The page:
In the second half of this decade, social media marketing was beginning to grab the attention of the organizations around the globe. They began to see the power of social media marketing to attract customers. Social CRM software exploded onto the market with the introduction of ComcastCares—an application that focused more on interaction than transaction. Most large corporations quickly followed Comcast’s example, solidifying the place of social CRM.
Through the end of the first decade, and up to the present day, cloud-based and SaaS CRM solutions continue to integrate more features like customer service and social CRM. Cloud-based and SaaS CRM solutions continue to gain popularity, largely due to their lower initial cost and easy integration with mobile devices.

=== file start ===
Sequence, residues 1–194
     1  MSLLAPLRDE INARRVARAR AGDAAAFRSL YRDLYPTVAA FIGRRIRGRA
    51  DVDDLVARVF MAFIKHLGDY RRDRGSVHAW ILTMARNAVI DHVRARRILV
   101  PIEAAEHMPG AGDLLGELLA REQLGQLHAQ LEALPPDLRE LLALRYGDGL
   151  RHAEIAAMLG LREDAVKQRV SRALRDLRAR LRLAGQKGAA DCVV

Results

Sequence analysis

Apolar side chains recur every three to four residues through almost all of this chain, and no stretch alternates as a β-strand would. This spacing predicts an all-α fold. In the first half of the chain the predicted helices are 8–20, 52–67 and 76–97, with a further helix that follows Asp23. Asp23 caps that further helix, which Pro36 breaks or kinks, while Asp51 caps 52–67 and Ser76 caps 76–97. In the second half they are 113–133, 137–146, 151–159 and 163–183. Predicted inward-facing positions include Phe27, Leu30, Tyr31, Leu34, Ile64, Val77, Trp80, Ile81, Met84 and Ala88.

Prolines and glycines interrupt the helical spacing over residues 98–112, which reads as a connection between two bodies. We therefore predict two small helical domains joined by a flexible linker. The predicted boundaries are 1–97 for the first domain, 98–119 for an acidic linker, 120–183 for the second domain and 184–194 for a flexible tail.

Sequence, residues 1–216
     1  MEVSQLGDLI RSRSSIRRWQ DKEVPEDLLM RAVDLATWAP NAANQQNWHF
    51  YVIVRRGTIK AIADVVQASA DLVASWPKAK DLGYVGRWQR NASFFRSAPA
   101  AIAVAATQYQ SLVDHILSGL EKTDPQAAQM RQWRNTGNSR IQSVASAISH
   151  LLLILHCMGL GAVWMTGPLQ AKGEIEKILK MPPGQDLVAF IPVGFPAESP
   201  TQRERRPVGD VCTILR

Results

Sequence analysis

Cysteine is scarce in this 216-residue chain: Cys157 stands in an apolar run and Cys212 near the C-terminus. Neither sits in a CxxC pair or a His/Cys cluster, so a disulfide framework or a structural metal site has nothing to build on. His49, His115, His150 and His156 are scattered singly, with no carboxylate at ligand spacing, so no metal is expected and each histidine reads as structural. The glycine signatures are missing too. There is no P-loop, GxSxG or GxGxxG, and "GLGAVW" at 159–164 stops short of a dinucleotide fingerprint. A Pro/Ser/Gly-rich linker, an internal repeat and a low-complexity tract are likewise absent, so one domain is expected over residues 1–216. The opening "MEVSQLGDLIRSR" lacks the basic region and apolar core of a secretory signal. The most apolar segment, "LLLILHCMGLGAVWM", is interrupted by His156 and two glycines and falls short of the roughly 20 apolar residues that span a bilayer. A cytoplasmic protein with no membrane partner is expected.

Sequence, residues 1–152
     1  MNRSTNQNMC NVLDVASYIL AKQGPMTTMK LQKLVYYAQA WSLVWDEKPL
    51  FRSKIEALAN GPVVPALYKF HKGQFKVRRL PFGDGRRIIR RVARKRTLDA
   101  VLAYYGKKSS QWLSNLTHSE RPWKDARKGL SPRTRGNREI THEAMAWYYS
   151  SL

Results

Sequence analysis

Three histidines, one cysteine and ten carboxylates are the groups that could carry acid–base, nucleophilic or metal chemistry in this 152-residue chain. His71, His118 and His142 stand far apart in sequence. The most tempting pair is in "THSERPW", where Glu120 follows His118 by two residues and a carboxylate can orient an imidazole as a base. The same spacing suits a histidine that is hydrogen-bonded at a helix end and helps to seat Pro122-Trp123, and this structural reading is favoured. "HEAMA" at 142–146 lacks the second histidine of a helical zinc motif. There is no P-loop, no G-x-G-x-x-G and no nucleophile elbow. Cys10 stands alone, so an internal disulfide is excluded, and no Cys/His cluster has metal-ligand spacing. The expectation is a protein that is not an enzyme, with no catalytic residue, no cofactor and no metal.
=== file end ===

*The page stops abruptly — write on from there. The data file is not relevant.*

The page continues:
As more companies look to expand and more startups look to grow in 2016, it certainly seems like the need and demand for a strong CRM software will only increase. With the ever changing world of technology showing no signs of slowing down either, it appears that the future of CRM software is linked closely with adapting to or integrating with new technologies as they are introduced. And from there, using these advances to better serve their potential buyers. Mobile CRM software is gaining popularity these days as customers look to be able to access businesses from anywhere.
The predicted goal is to reduce the on-site resources and equipment necessary to deliver CRM software. As companies are more ready to listen their customers, it seems like customers are going to drive innovation in a way that they never have been able to before, opening up CRM software to new areas of the business.